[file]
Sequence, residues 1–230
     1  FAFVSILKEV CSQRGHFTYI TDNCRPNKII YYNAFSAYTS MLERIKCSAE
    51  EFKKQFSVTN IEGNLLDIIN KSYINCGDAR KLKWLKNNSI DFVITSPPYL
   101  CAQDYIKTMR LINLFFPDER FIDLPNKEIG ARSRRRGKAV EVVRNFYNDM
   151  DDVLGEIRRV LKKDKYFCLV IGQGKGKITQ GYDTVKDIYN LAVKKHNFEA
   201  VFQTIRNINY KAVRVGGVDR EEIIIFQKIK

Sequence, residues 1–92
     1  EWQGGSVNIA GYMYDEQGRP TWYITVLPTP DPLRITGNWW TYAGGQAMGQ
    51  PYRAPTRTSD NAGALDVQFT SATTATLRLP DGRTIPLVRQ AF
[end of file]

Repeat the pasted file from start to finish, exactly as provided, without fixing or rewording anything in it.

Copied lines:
Sequence, residues 1–230
     1  FAFVSILKEV CSQRGHFTYI TDNCRPNKII YYNAFSAYTS MLERIKCSAE
    51  EFKKQFSVTN IEGNLLDIIN KSYINCGDAR KLKWLKNNSI DFVITSPPYL
   101  CAQDYIKTMR LINLFFPDER FIDLPNKEIG ARSRRRGKAV EVVRNFYNDM
   151  DDVLGEIRRV LKKDKYFCLV IGQGKGKITQ GYDTVKDIYN LAVKKHNFEA
   201  VFQTIRNINY KAVRVGGVDR EEIIIFQKIK

Sequence, residues 1–92
     1  EWQGGSVNIA GYMYDEQGRP TWYITVLPTP DPLRITGNWW TYAGGQAMGQ
    51  PYRAPTRTSD NAGALDVQFT SATTATLRLP DGRTIPLVRQ AF